It’s the last week of 2017. Use it well.


It’s the last week of 2017.

The presents have been unwrapped. The holiday treats have been enjoyed, the leftovers wrapped up and put away. The anticipatory spirit of the season has faded all in a rush, like air let out of a balloon.

A new kind of anticipation takes its place: the knowledge that soon, life will resume its normal cadence. Soon, but not yet. Not quite yet. In this rare week that is book-ended by major holidays (even if not everyone observes them, we all feel the cultural impact in one way or another), I’m reminded of the place between breaths. We have exhaled the passing of one such holiday — and with it, perhaps, said most of our good-byes to the old year, as well — but have not yet drawn breath to greet the other, the New Year and all its accompanying hopes, uncertainties and aspirations.

For me, this week has always had a quality of strangeness to it. It feels like a mixture of let-down, relief, gratitude, fatigue, introspection and inertia all rolled into one. Part of me wants to sleep in and watch Netflix and nibble on leftovers as long as I can. Another part wants to plan and prepare and take advantage of the quiet week to get a leg up on my work. Still another wants to journal and reflect and set intentions for the coming year without making any concrete decisions just yet.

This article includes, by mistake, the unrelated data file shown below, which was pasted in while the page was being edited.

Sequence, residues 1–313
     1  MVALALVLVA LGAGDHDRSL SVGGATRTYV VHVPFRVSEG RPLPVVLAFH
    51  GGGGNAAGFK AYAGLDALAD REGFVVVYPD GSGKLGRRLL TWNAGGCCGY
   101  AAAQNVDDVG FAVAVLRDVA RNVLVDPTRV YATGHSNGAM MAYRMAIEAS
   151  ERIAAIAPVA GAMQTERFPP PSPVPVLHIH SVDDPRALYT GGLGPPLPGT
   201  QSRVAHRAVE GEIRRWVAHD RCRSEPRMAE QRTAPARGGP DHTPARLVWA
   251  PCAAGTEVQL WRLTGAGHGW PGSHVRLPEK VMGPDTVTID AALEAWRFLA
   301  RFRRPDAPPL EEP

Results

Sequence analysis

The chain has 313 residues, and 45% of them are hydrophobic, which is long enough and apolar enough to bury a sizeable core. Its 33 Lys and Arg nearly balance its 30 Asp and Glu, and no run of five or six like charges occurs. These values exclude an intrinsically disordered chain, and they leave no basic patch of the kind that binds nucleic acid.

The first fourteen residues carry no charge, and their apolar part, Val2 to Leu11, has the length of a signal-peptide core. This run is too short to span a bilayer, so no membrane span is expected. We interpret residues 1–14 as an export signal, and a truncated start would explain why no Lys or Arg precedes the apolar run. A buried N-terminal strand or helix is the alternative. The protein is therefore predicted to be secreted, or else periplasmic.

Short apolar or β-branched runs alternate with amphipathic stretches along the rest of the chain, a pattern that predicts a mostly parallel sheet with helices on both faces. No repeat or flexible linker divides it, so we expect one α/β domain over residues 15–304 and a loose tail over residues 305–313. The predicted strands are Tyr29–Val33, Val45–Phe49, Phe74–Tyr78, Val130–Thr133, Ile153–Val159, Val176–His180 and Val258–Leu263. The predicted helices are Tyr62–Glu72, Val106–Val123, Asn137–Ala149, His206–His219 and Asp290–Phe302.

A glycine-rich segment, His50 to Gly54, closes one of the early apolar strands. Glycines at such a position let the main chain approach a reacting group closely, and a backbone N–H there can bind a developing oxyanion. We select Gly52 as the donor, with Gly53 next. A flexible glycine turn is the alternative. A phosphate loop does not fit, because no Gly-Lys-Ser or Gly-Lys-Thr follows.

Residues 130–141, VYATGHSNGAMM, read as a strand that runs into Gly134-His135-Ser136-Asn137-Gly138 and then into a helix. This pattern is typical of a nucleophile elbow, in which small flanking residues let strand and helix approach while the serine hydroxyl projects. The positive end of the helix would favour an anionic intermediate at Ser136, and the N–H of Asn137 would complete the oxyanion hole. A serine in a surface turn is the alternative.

Underlying all of this is a sense of pressure to “use this time well.”

I think many of us feel similarly at this particular time of year. It’s easy to become conflicted by our desire to be simultaneously extra lazy and extra motivated, and even easier to beat ourselves up for failing to meet certain self-imposed standards of productivity. I confess I berated myself a little bit this morning when I decided it was more fun to browse post-Christmas sales online than work on a new article.

But even as I write these words now, it occurs to me that the feelings and urges I described above don’t have to be in conflict with each other. I can hold space for all of them. I can allow room for all of them. I can attend to my needs and the needs of my work and give myself permission to acquiesce to the strangeness of this in-between state. Perhaps that is what it means to use this time well.

If you find yourself feeling similarly, here are a few questions you can ask yourself this week to find your own way of holding space:

  • What do I need right now?
  • What do my work and my relationships need right now?
  • What am I feeling right now, and how can I honor that?
  • How can I acquiesce to the strangeness of this in-between week?

2017 has been a weird, wild and occasionally wonderful year. May you use its final week well, whatever that means to you.

Photo by Nicolas Tissot